Alumni in Film and Television Industry Appear in Panel Discussion

Members of the community gathered in the faculty room on April 5 to talk with alumni Claire Brooks ’07, Carla Frankenbach ’12, Kip Kroeger ’00, and Taylor Materne ’99. After graduating from the school, these producers and writers moved onto the film industry to contribute to well-known productions such as Despicable Me 2, Shameless, Ted Lasso, and The Longest Week.

Hotchkiss in Hollywood: Finding Work in the Film and TV Industry, was conceived to  help the community learn more about these alumni and their careers in the entertainment industry. Mr. David Thompson, director of international programs, organized the event with the help of film club co-heads Margie Bowen ’22 and Harry Morelli ’23, who moderated the panel. Students and faculty interested in film and media attended the conversation in the Faculty Room. Several recent graduates, some majoring in film, joined via Zoom. 

Throughout the conversation, the panelists shared stories about challenges in Hollywood, instability in the industry, and how they found balance in their personal and professional lives. Specifically, Brooks spoke about how she schedules vacations at the end of long, hard projects  to maintain stability and regroup before her next project. Boffi Lin ’24 said, “I took away a lot from [the event] because I think it’s applicable in a lot of different industries, and their wisdom was very valuable.”

One point the panelists raised underscored different paths students can take into their adulthood careers. Neither Kroeger nor Materne anticipated careers in the film industry during their time at the school, but both eventually found their places in the industry after starting as interns, whereas Brooks and Frankenbach attended Columbia and USC film school, respectively. All four of them have worked in various roles and navigated different challenges and trials before finding work as producers and writers. Lin said, “I thought it was very comforting to hear [that] no matter how early or late you discover your passion, there’s still time and endless opportunities to pursue it.”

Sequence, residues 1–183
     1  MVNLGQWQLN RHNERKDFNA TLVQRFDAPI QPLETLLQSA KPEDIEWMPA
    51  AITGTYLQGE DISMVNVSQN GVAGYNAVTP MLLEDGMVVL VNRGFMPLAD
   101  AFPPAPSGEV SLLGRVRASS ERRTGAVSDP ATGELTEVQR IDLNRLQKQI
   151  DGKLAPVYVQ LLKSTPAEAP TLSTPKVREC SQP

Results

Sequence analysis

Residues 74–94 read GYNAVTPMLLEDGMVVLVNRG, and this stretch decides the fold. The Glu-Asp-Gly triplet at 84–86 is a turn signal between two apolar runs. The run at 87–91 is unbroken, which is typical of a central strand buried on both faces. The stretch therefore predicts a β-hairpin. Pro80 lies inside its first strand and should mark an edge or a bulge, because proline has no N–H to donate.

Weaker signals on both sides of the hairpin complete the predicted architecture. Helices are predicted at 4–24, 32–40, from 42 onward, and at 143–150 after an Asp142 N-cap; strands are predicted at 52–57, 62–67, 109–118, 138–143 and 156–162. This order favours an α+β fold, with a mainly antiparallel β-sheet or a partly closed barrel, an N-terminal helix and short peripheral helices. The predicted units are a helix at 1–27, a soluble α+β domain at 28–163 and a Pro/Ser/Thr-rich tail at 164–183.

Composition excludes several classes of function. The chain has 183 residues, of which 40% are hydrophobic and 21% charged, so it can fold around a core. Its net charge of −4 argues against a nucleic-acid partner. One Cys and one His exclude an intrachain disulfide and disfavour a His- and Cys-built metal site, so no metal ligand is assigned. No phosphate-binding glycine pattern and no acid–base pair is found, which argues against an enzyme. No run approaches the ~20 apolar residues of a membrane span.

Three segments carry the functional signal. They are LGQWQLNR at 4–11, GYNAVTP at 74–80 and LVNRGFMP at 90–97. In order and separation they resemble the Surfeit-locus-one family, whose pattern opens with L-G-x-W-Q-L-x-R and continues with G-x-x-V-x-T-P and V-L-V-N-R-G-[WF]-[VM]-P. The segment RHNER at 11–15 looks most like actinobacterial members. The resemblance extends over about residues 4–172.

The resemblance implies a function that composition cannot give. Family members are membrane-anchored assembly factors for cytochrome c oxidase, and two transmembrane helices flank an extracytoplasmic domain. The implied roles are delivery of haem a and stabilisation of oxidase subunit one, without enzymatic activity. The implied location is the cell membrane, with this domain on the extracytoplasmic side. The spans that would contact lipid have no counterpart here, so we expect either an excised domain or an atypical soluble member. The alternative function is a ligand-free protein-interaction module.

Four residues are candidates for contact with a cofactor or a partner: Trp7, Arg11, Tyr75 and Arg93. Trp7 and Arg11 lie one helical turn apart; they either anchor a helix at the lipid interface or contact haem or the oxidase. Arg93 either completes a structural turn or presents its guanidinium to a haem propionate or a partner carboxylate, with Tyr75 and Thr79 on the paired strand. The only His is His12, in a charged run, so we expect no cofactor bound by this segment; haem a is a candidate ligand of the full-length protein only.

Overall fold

Hotchkiss in Hollywood aimed to be an accessible discussion for the entire school community. Bowen said, “It’s [easy] to sit in and just listen to the different stories and not feel any pressure that you need to know anything about film. It’s especially beneficial to people who are into other disciplines of arts to see how they could possibly fit into this industry.”

Another panel of film professionals will be invited to judge for the Hotchkiss Film Festival on May 28. Any and all students are encouraged to submit a short film by May 18, regardless of their past experience.